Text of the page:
The Hospital Association of South Africa (HASA) has mooted the idea of training critically needed specialists in its member hospitals while reaffirming its commitment to helping patients stranded by State shortcomings.
South Africa (SA) commands financial health care resources comparable to Brazil, Mexico and Thailand. Despite spending similar amounts in the public sector (3.5% of gross domestic product (GDP) in terms of purchasing power parity, these and other countries have far better health outcomes than SA on almost all measures including life expectancy and maternal mortality (Table I). While the combined impact of HIV and tuberculosis (TB) on all-cause mortality has been immense, this only partially explains the plummeting life expectancy in SA from 63 years in 1990 to 45 years in 2007. Furthermore, SA is one of only 12 countries worldwide with a marked reversal of maternal and infant mortality, reflecting the complex epidemiological transition underway. An increasing percentage of the population now dies from chronic, non-communicable diseases such as vascular illness, diabetes and cancers and from violence and injury.
Improving health systems performance in order to achieve good health care outcomes and meet the Millennium Development Goals (MDGs) has received increased global attention. Using the World Health Organization (WHO)'s framework on health system strengthening, an overview is presented of key aspects of performance of the South African (SA) health system that are likely to impact on the Disease Control Priorities (DCP) initiative.
Boulle et al. queried whether a clinical trial was needed to provide the evidence for the mortality benefits of antiretroviral therapy (ART) initiation during tuberculosis (TB) treatment. While several experts, including foremost TB-HIV scientists from South Africa and the USA, senior World Health Organization (WHO) and UNAIDS officials at the time the study was initiated, the 2003 WHO AIDS Treatment Guidelines Committee Chair, the Chair of the Ethics Committee and the researchers, have previously addressed the points raised, the SAPIT (Starting Antiretroviral Therapy at Three Points in Tuberculosis) research team welcomes the opportunity also to address the comments. We hold Boulle and his colleagues in high regard and appreciate their contributions to the field of HIV and tuberculosis co-infection. More importantly, we share with them the common goal of rigorously and relentlessly seeking answers to critically important research questions as we confront the devastating dual AIDS and tuberculosis epidemics.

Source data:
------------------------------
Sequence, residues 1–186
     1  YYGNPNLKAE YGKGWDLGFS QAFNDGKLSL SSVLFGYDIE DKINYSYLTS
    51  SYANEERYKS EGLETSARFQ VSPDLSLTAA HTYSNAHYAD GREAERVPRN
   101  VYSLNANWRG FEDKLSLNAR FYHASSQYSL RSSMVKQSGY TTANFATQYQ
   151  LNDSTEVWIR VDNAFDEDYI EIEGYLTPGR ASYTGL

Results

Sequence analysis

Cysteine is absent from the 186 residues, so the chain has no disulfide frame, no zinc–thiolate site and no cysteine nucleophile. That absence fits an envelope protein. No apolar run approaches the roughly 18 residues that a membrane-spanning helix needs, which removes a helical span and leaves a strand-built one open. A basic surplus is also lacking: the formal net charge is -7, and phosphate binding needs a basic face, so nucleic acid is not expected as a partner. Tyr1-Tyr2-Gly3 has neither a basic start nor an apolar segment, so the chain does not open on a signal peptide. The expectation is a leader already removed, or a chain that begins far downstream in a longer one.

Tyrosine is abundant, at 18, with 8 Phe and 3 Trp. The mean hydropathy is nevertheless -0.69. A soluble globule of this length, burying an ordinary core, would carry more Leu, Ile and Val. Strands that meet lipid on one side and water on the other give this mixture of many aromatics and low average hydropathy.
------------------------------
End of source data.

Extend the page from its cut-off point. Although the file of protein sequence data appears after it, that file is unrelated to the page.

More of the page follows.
Ralph Hendrickse was born in Cape Town on 5 November 1926. He was the son of William and Johanah (née Dennis) Hendrickse. He was raised in a coloured community of richly educated teachers who regarded teaching and learning as pathways to upliftment. He matriculated first class from Livingstone High, a coloured school, at the age of 15 years.
Willem Lubbe, an exemplary physician-scientist, recently died at the age of 72 on his farm in New Zealand. He was born on 30 October 1938 and obtained his MB ChB degree at UCT in 1962 and his MD in 1969. He passed the FCP (SA) in April 1971.
To the Editor: Studies of HIV prevalence in sub-Saharan Africa usually focus on the age group 15 - 49 years. However, estimates of HIV prevalence in older people are required for health policy and planning. The health care and social needs of older HIV-infected individuals differ from younger people; e.g. because of different co-morbidities, different responses to antiretroviral treatment (ART), and the central role of older adults in African households. In South Africa, a nationally representative survey provided first insights into the burden of HIV in the population ≥ 50 years of age, reporting HIV prevalence in men/women as 10.4%/10.2% (in the age group 50 - 54 years), 6.2%/7.7% (55 - 59 years), and 3.5%/1.8% (≥ 60 years). However, the South African HIV epidemic is highly heterogeneous6 with substantial variation by geographic location and ethnic group, limiting the value of national averages.